The decade of our destiny remains in memory like a petrified forest of events caught between less notable times. In 1960 I still had four-and-a-half years left to endure at St. Ann’s by the Sea; that is, when I wasn’t enduring my frayed mother or the charity of some kind but put-upon relative or family friend.

I was quiet and introverted back then. Excess baggage best take care not to make noise, intrude, interrupt, argue. Poor little Vinchenza St. Claire. That’s what they would say of me. They’d be surprised to see me now, all grown-up, grown old, and sometimes caustic as hell … And it’s Vinnie, if you please. Not Vinchenza. But I see I’m getting ahead of myself. I tend to do that.

So the Christmas holiday over, the new year begun, and the sun rising and setting on schedule, I packed my suitcase and violin, kissed my much relieved mother good-bye, and took the subway to Ridgeville and from there the Ridgeville Rail to Lincoln Green and St. Ann’s.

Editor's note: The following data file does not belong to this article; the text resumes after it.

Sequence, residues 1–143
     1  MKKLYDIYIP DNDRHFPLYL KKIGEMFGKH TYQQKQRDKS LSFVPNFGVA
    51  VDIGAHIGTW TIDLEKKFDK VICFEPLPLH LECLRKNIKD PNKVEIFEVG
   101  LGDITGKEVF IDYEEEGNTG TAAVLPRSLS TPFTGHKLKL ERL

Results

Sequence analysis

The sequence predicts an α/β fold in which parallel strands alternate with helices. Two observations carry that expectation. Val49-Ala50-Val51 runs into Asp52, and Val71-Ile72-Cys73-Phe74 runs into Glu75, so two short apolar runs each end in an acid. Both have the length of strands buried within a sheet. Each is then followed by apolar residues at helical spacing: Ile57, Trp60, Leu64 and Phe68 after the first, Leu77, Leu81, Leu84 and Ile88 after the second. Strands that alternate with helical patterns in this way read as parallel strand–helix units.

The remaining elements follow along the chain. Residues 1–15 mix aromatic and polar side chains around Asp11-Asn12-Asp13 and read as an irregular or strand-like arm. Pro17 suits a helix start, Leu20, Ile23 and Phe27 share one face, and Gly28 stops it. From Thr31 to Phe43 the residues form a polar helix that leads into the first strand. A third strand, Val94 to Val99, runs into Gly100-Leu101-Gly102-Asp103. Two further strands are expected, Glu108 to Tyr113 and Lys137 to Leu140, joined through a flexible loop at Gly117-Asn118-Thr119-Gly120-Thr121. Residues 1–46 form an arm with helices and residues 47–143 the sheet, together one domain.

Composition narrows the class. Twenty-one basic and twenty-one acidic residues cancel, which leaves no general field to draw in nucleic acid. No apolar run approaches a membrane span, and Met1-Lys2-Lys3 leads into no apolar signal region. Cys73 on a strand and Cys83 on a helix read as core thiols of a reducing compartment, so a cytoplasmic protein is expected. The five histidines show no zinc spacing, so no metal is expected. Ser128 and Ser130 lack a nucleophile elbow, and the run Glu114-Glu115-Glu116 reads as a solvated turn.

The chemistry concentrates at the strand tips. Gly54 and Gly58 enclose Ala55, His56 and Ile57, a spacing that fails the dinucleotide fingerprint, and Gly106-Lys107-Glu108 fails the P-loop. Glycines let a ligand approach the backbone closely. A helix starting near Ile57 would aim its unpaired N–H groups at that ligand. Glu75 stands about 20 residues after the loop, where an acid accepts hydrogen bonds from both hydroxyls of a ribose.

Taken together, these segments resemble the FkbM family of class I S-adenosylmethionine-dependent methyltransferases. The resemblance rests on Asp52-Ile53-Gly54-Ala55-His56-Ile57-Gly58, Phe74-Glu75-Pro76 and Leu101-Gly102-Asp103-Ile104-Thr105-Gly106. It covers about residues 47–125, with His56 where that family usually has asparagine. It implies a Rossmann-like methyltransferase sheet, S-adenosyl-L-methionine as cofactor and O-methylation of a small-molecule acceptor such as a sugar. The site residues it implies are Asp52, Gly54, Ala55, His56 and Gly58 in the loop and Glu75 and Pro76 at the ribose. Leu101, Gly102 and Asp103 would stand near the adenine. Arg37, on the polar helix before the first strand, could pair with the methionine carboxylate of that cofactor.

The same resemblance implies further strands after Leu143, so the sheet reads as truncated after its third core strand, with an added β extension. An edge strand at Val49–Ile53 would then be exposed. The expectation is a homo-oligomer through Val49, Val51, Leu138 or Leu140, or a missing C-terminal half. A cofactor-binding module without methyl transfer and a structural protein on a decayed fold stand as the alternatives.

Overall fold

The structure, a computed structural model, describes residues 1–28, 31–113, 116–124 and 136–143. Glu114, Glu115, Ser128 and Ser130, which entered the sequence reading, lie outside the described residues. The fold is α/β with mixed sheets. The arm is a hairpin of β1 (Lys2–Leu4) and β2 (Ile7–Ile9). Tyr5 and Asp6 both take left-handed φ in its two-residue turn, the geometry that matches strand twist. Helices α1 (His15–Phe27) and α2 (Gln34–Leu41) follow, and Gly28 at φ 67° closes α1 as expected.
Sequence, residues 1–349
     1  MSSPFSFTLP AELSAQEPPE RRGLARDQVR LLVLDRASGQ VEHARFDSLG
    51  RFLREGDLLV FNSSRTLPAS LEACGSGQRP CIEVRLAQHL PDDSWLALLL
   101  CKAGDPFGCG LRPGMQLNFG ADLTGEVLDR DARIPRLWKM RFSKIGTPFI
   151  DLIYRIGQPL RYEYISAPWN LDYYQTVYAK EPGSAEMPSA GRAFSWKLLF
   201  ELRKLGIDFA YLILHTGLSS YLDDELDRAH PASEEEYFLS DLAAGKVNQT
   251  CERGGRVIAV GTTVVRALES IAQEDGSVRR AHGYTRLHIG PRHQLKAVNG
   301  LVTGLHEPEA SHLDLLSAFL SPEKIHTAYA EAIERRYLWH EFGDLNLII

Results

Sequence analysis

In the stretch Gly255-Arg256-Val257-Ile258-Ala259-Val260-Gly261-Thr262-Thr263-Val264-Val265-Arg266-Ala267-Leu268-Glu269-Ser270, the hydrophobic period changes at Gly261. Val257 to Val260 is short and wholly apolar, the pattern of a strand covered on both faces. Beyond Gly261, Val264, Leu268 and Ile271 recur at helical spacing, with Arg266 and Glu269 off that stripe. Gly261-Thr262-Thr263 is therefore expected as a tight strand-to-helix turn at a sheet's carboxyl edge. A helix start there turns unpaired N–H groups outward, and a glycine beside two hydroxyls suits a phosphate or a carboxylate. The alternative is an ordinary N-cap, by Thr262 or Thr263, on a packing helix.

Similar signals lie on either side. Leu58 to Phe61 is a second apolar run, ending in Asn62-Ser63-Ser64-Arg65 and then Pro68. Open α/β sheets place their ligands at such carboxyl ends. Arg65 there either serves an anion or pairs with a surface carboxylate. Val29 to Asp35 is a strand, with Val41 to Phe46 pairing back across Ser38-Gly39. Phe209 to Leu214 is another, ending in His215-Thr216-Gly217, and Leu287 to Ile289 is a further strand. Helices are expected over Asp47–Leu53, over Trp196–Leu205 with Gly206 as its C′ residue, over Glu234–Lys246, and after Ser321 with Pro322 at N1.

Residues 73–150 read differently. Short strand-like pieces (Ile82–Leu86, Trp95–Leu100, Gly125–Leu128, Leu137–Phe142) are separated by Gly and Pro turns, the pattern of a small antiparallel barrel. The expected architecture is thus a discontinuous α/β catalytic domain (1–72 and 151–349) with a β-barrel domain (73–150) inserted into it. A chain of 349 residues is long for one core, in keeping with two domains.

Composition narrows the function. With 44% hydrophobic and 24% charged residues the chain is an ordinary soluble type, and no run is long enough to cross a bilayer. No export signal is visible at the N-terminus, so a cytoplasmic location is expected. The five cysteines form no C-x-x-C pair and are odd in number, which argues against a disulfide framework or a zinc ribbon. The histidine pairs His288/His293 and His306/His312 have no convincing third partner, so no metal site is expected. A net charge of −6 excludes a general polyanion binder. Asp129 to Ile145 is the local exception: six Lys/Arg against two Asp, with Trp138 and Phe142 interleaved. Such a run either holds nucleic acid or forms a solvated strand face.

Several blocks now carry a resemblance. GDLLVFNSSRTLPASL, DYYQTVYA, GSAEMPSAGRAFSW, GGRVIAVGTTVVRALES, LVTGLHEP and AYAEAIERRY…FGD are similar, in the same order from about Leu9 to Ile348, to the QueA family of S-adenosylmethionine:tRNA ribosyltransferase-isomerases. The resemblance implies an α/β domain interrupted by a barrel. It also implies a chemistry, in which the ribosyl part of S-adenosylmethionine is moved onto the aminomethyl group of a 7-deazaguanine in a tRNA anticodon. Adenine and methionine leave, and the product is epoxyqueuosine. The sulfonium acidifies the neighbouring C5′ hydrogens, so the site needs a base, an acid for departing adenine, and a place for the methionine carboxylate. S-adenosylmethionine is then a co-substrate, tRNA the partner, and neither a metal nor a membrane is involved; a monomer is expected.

The return-to-school adrenalin rush after the winter holiday was nothing like it was after summer vacations. Still, there was that excitement: a new year birthed of all the new years before it, a thing rich with predecessors and heavy with promise. I was in the middle of writing my first novel, a weighty story filled with all the melodrama a twelve-year-old could wrest from a yearning heart. Given my age and mindset, it was predictably autobiographical and appropriately titled – I thought – How Skinny Girls Survive.

The skinny girls referred to were Fanny and me; only Fanny didn’t arrive back at school until we were a month into the winter semester. I missed her. I worried about her. I had no idea of the complications that delayed her return: the death of her mother and the whispered suspicion that it wasn’t from natural causes.

© 2012, story, Jamie Dedes, All rights reserved

Photo credit ~ Petr Kratochvil, Public Domain Pictures.net

7 thoughts on “How Skinny Girls Survive

  1. Yes, Jamie. This is the taster, well written and a much bigger story than its length suggests (like good poetry); synergistic even! So is there some more of this story, or is it intended, as I suspect it is, to leave us to fill in the ending. Whatever the answer, it has made its mark, very effectively. They do say, well they being Leonardo da Vinci I think, said that a work of art is never finished, only abandoned … !

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